There used to be an entire paper-based process if a customer wanted to update his details with the bank. It involved multiple processes. Not anymore. We connected our APIs directly with our core systems. This helps in getting information updated in real time. Processes became efficient. We have automated a large part of our credit decision making processes through a set of algorithms where decision making is much faster. We keep thinking of ways to do things faster, more efficiently, and in a paperless manner. Similarly, we noticed that people spend a lot of time on social media such as WhatsApp. We launched banking on WhatsApp. Today, we have 30 odd features, including key banking activities that customers can perform over WhatsApp.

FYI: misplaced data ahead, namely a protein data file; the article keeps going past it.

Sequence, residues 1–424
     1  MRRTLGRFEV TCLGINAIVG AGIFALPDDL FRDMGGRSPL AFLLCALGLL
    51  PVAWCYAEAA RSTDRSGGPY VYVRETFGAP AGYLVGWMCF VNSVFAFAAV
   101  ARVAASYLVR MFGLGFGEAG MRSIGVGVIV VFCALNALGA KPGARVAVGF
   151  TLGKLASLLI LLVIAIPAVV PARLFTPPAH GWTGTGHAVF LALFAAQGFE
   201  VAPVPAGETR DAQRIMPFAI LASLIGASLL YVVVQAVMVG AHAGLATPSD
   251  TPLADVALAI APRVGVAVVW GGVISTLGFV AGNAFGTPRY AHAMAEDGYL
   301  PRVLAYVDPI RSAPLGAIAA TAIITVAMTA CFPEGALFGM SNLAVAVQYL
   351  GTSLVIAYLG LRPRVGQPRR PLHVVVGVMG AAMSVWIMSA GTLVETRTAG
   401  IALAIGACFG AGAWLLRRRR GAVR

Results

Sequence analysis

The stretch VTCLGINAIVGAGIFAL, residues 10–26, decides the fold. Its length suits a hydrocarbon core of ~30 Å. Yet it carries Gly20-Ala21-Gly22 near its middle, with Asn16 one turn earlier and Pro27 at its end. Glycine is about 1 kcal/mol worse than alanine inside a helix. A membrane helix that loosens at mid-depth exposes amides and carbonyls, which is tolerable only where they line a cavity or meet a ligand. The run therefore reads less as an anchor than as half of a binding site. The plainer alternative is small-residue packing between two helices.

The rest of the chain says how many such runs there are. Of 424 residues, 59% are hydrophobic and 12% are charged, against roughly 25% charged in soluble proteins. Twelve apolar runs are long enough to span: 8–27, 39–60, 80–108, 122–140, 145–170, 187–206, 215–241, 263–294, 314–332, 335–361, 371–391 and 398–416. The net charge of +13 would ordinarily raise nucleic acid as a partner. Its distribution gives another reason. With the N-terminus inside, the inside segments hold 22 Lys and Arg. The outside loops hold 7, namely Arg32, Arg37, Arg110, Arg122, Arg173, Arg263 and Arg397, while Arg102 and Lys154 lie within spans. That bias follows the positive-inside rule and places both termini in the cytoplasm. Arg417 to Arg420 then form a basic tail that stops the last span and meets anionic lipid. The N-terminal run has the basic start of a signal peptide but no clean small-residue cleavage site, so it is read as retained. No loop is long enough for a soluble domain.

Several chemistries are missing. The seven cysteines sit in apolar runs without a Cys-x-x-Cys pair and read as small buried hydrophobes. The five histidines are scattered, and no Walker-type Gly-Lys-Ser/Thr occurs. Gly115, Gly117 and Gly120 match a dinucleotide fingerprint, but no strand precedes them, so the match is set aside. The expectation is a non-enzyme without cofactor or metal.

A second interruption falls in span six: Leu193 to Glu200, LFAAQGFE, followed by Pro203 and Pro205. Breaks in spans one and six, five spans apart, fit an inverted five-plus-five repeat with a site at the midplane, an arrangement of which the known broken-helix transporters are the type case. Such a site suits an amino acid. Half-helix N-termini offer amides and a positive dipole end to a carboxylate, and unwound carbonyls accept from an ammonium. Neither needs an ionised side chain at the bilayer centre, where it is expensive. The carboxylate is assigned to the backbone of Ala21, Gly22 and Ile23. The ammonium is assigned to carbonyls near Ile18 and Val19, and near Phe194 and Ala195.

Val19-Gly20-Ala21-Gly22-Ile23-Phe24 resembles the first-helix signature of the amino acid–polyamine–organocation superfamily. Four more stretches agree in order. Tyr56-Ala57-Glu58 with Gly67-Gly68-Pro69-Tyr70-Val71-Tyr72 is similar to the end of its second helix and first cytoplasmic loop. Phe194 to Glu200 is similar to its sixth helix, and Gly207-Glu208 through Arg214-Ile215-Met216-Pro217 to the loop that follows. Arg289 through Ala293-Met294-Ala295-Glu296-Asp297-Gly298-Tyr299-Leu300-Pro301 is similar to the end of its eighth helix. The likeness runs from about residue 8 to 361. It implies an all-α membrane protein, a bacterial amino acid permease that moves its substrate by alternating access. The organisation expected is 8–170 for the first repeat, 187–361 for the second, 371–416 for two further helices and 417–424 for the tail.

DC: We are in the age of APIs, and Fin-tech companies that provide a lot of easily pluggable solutions for banks. How is Kotak working with new Fin-tech companies in areas like automation, artificial intelligence, and block chain? Can we have some specific examples?

On RPA, we work with a couple of partners. For example, we are working on cognitive OCR solutions for better readability and understanding of documents. On the credit automation side, we work with Finfort, which helps us extract credit data. RupeePower is our partner for credit decision making solutions for unsecured loans. We work with Active.AI for our conversational bot journey. Similarly, there are other future ready initiatives which include collaborations. We have partnered with 100 plus startups in areas such as blockchain, Artificial Intelligence (AI), Machine Learning (ML), UPI 2.0 to co-create products and services. We have partnered with the likes of NASSCOM through our APIs. We have also partnered with Ripple for cross border remittance. Our innovation lab in Bangalore looks at models and feasibility. All these are areas in which we see value.